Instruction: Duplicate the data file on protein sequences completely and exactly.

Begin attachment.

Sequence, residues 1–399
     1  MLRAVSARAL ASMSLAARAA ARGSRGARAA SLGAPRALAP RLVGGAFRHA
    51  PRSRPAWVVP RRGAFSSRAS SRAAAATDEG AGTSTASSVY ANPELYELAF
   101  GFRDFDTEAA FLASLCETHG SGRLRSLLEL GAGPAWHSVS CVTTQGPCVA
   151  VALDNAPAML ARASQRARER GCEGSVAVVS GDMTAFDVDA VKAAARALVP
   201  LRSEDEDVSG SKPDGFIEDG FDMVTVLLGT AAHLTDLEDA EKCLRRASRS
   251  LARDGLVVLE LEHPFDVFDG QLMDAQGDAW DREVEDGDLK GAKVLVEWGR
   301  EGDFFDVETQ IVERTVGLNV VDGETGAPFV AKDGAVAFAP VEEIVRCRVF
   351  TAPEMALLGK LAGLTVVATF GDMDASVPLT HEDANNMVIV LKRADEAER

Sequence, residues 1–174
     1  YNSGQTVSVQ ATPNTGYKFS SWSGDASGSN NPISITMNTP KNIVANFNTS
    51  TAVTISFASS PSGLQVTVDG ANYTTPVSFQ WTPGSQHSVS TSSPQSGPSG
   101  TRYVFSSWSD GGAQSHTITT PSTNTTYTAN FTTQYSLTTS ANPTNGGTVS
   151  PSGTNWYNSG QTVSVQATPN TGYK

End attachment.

Sequence, residues 1–399
     1  MLRAVSARAL ASMSLAARAA ARGSRGARAA SLGAPRALAP RLVGGAFRHA
    51  PRSRPAWVVP RRGAFSSRAS SRAAAATDEG AGTSTASSVY ANPELYELAF
   101  GFRDFDTEAA FLASLCETHG SGRLRSLLEL GAGPAWHSVS CVTTQGPCVA
   151  VALDNAPAML ARASQRARER GCEGSVAVVS GDMTAFDVDA VKAAARALVP
   201  LRSEDEDVSG SKPDGFIEDG FDMVTVLLGT AAHLTDLEDA EKCLRRASRS
   251  LARDGLVVLE LEHPFDVFDG QLMDAQGDAW DREVEDGDLK GAKVLVEWGR
   301  EGDFFDVETQ IVERTVGLNV VDGETGAPFV AKDGAVAFAP VEEIVRCRVF
   351  TAPEMALLGK LAGLTVVATF GDMDASVPLT HEDANNMVIV LKRADEAER

Sequence, residues 1–174
     1  YNSGQTVSVQ ATPNTGYKFS SWSGDASGSN NPISITMNTP KNIVANFNTS
    51  TAVTISFASS PSGLQVTVDG ANYTTPVSFQ WTPGSQHSVS TSSPQSGPSG
   101  TRYVFSSWSD GGAQSHTITT PSTNTTYTAN FTTQYSLTTS ANPTNGGTVS
   151  PSGTNWYNSG QTVSVQATPN TGYK